Washington: A colour developed by Egyptians thousands of years ago can boost energy efficiency by cooling rooftops and walls, and could also enable solar generation of electricity via windows, scientists say. Egyptian blue, derived from calcium copper silicate, was routinely used on ancient depictions of gods and royalty, according to the study published in the Journal of Applied Physics.
Ancient Egyptian pigment can boost energy efficiency
Previous studies have shown that when Egyptian blue absorbs visible light, it then emits light in the near-infrared range. Now, a team led by researchers at the Lawrence Berkeley National Laboratory (Berkeley Lab) in the US has confirmed the pigment's fluorescence can be 10 times stronger than previously thought.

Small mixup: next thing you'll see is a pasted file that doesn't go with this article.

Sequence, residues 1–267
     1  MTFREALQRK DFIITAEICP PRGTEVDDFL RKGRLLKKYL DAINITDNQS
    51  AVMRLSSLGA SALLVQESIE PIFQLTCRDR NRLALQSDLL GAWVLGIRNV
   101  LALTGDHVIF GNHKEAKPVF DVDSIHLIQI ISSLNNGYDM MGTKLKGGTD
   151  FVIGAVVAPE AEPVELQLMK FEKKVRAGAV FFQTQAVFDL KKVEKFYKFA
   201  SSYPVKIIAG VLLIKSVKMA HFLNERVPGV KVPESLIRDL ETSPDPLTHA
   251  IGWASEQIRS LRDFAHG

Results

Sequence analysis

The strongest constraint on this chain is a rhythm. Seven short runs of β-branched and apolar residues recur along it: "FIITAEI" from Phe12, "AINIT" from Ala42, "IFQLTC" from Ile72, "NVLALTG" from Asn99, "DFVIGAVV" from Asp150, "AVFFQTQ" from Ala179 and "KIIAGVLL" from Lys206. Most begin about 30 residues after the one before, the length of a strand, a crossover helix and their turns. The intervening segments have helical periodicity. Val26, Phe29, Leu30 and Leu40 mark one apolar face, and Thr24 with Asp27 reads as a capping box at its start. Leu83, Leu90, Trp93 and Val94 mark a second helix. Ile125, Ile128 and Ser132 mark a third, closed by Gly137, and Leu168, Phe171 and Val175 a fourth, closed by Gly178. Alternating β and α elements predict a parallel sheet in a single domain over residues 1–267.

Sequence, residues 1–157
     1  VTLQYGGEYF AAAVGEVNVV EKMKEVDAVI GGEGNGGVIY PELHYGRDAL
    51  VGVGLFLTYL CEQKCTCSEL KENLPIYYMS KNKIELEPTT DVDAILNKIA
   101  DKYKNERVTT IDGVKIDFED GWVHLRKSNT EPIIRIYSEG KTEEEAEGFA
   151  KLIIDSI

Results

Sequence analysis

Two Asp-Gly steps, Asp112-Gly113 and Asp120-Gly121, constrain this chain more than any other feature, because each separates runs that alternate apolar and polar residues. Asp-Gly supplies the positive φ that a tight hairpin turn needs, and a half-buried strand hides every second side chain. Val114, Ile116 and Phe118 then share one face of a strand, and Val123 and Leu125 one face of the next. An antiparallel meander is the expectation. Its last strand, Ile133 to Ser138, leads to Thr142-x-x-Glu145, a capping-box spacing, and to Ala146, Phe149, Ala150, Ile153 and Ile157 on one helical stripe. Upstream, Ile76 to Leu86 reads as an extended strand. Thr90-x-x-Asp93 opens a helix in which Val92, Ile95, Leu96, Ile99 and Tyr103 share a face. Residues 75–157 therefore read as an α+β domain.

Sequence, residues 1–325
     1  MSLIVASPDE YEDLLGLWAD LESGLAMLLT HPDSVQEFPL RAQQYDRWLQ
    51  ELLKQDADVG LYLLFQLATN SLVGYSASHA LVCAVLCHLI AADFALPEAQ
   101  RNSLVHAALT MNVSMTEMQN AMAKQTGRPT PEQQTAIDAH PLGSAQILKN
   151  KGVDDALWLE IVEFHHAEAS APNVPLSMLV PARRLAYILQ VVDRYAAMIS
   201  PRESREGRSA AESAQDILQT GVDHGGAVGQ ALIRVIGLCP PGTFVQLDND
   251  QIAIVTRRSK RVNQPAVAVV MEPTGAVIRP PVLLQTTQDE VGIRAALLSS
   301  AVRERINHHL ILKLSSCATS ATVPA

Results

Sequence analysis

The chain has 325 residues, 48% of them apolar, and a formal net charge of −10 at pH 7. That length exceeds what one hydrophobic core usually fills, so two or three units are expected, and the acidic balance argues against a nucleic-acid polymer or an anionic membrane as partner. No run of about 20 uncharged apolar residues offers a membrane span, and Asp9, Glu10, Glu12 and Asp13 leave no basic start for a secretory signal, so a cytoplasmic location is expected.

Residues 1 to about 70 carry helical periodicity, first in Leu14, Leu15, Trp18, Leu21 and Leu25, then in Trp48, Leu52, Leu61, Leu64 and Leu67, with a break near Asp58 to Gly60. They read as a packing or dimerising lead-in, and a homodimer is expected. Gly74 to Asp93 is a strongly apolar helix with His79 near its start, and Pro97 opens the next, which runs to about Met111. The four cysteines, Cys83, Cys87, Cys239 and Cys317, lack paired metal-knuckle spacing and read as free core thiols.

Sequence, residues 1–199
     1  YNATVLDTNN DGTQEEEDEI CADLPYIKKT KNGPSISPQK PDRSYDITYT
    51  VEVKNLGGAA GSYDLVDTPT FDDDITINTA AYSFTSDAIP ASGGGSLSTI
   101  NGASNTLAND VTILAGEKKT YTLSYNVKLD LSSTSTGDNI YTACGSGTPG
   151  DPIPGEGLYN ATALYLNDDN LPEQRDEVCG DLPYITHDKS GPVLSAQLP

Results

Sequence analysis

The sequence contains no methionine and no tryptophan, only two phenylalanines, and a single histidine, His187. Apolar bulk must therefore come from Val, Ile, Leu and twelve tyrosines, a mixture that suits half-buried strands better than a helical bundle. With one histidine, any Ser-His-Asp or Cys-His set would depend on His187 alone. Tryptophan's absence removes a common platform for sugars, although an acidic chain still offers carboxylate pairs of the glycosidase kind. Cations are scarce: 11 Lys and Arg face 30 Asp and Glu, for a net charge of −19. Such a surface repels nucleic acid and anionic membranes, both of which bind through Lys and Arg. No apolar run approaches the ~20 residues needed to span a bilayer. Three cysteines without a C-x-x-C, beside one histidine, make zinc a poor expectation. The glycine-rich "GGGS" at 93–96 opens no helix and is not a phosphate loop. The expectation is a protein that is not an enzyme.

Though white is the most conventional and effective choice for keeping a building cool by reflecting sunlight and reducing energy use for air conditioning, building owners often require non-white colours for aesthetic reasons. For example, bright-white asphalt shingles are almost never used on sloping residential roofs.
Researchers have already shown that fluorescent ruby red pigments can be an effective alternative to white; this insight on Egyptian blue adds to the menu of cooling colour choices. They also found that fluorescent green and black colours can be produced with yellow and orange co-pigments.